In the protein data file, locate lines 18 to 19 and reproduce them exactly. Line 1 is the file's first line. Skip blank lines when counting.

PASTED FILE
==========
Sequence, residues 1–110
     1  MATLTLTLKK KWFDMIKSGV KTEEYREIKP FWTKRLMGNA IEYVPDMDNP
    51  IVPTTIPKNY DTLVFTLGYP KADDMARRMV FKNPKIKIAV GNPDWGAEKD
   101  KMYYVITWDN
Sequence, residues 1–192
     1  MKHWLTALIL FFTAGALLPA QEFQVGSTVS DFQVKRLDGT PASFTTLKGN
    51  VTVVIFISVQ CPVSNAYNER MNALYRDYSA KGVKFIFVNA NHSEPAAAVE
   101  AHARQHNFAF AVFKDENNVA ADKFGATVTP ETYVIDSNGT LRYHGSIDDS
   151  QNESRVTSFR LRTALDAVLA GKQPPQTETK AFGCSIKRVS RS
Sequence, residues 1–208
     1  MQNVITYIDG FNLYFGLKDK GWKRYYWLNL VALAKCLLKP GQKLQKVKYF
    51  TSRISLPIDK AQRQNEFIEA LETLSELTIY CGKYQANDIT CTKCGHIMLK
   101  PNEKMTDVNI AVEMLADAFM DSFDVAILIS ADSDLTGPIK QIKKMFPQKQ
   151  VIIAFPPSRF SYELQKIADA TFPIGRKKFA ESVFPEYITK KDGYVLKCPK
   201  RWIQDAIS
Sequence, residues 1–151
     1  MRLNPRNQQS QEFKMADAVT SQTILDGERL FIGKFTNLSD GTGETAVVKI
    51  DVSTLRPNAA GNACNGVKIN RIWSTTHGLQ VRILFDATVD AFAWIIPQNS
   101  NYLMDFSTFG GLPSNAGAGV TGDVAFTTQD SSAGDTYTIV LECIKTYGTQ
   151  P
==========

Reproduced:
    51  DVSTLRPNAA GNACNGVKIN RIWSTTHGLQ VRILFDATVD AFAWIIPQNS
   101  NYLMDFSTFG GLPSNAGAGV TGDVAFTTQD SSAGDTYTIV LECIKTYGTQ